“The ear­lier races are some­what supe­rior to the later; the red man stands far above the indigo — black — race,” says Paper 51 of The Uran­tia Book, and “each suc­ceed­ing evo­lu­tion­ary man­i­fes­ta­tion of a dis­tinct group of mor­tals rep­re­sents vari­a­tion at the expense of the orig­i­nal endow­ment.” Fur­ther­more, “The yel­low race usu­ally enslaves the green, while the blue man [which cor­re­sponds to Cau­casians] sub­dues the indigo [black].”

“[The Uran­tia Book] was a guide for mak­ing sure of the moral val­ues that under­lay the com­pany at that time.”

On every planet through­out every uni­verse, fair-skinned, blue-eyed aliens named Adam and Eve appear to “upstep” the natives. When their prog­eny mate with the accept­able inhab­i­tants of the planet, the “infe­rior stocks will be elim­i­nated and there will be one puri­fied race, one lan­guage, and one reli­gion,” as Gard­ner explains it in Uran­tia: The Great Cult Mystery.

But before that can hap­pen, Paper 51 of The Uran­tia Book says, “the infe­rior and unfit are largely elim­i­nated… it seems that you ought to be able to agree upon the bio­logic dis­fel­low­ship­ing of your more markedly unfit, defec­tive, degen­er­ate, and anti­so­cial stocks.”

This process hap­pens on every planet when Adam and Eve appear. But on Uran­tia (i.e., earth), it didn’t go accord­ing to plan. Adam and Eve messed up. So, “hav­ing failed to achieve race har­mo­niza­tion by the Adamic tech­nique,” Part II: The Local Uni­verse sec­tion of book tells us, “you must now work out your plan­e­tary prob­lem of race improve­ment by other and largely human meth­ods of adap­ta­tion and control.”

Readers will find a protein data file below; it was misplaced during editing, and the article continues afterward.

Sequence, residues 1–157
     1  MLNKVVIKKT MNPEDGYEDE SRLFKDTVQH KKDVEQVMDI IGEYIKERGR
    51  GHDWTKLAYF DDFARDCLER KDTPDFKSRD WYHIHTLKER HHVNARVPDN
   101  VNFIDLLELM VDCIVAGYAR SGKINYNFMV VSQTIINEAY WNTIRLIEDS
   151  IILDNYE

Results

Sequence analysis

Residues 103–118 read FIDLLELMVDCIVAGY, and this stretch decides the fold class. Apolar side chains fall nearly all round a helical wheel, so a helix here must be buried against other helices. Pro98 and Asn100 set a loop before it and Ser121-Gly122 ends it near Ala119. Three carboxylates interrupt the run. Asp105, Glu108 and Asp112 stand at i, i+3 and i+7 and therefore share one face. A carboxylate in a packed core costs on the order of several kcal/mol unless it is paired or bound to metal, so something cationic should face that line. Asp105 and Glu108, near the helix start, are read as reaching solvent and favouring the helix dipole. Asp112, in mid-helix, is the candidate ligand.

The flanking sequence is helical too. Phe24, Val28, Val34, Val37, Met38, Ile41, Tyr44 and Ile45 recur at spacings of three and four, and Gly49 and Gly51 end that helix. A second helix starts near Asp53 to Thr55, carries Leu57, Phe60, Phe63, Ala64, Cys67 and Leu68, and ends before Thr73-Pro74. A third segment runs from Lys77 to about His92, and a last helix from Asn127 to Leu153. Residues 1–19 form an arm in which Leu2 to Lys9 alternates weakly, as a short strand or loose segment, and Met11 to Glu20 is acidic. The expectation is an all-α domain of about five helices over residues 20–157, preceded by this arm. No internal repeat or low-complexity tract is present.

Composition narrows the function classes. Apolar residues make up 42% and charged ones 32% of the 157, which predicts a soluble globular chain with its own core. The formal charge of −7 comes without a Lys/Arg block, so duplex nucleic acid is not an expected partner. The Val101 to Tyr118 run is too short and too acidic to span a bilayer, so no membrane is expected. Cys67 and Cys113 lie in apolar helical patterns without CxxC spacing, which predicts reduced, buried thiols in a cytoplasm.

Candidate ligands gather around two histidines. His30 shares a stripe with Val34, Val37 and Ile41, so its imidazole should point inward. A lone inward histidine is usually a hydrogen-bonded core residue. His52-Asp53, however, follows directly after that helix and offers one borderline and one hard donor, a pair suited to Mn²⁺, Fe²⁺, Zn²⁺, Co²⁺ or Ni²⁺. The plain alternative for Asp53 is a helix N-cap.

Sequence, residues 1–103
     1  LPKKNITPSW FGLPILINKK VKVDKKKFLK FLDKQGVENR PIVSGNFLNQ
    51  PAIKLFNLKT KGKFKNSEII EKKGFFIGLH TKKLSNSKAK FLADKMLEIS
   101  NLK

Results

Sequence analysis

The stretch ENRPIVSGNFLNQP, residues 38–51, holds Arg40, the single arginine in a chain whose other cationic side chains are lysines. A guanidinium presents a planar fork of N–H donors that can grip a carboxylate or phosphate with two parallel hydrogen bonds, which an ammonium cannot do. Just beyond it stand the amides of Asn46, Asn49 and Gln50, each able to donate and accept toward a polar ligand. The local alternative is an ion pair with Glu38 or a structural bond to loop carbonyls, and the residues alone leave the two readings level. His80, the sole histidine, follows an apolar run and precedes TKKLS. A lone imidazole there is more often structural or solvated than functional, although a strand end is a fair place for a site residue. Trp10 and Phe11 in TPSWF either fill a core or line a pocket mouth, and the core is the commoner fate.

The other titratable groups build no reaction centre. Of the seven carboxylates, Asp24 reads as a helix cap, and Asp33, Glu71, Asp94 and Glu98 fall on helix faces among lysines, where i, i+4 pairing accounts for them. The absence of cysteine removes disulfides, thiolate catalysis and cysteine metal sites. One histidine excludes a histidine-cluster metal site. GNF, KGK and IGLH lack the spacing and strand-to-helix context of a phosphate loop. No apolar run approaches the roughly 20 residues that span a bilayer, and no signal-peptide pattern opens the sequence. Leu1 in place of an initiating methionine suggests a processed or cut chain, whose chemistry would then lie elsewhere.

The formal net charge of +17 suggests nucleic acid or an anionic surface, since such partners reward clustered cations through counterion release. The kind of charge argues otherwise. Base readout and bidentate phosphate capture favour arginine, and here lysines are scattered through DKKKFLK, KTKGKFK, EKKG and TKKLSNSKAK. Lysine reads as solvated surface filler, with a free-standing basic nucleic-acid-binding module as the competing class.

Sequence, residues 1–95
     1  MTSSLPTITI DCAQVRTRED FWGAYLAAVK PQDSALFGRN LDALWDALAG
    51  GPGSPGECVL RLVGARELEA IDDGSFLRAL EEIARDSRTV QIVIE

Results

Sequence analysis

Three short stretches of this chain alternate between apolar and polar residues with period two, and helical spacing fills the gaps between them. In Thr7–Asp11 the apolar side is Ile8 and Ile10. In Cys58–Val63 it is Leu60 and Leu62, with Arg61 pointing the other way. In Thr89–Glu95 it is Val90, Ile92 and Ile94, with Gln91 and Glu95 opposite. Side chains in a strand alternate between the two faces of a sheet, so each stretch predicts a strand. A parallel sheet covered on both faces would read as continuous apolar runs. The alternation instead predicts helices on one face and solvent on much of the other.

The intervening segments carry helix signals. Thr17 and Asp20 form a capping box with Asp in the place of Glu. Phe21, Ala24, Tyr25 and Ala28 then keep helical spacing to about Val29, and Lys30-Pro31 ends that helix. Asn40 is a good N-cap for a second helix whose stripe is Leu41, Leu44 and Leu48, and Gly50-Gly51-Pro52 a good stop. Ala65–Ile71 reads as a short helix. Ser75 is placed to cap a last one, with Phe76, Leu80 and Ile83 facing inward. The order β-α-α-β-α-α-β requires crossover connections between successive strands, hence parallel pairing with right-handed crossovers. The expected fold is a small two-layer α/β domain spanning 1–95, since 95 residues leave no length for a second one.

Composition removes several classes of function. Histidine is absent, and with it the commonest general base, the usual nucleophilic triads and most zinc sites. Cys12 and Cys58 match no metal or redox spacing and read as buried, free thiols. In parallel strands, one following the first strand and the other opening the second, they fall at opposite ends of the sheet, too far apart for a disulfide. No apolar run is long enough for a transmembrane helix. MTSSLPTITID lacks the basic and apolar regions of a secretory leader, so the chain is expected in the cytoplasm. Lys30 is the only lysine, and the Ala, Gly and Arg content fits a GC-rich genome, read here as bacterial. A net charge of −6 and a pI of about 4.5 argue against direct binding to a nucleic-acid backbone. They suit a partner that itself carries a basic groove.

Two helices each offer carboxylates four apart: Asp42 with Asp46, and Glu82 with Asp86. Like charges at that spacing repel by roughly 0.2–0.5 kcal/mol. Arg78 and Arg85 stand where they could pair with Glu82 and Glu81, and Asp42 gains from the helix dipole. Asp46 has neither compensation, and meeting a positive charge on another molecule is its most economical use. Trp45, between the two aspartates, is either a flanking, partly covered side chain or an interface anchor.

“Bio­logic ren­o­va­tion of the racial stocks — the selec­tive elim­i­na­tion of infe­rior human strains,” Paper 70 of The Uran­tia Book says, will “tend to erad­i­cate many mor­tal inequalities.”

In fact, per the text, evil, in the form of ill­ness and dis­ease, exists because “unfit” peo­ples like “Aus­tralian natives and the Bush­men and Pyg­mies of Africa…these mis­er­able rem­nants of the nonso­cial peo­ples of ancient times” haven’t been elim­i­nated. Eugen­ics is the way to cor­rect this error.

“Bio­logic ren­o­va­tion of the racial stocks — the selec­tive elim­i­na­tion of infe­rior human strains,” Paper 70 of the Uran­tia Book says, will “tend to erad­i­cate many mor­tal inequalities.”

Com­pare that to Hitler’s words in Mein Kampf: “The demand that defec­tive peo­ple be pre­vented from prop­a­gat­ing equally defec­tive off­spring rep­re­sents the most human act of mankind.”

The Urant­ian Philosophy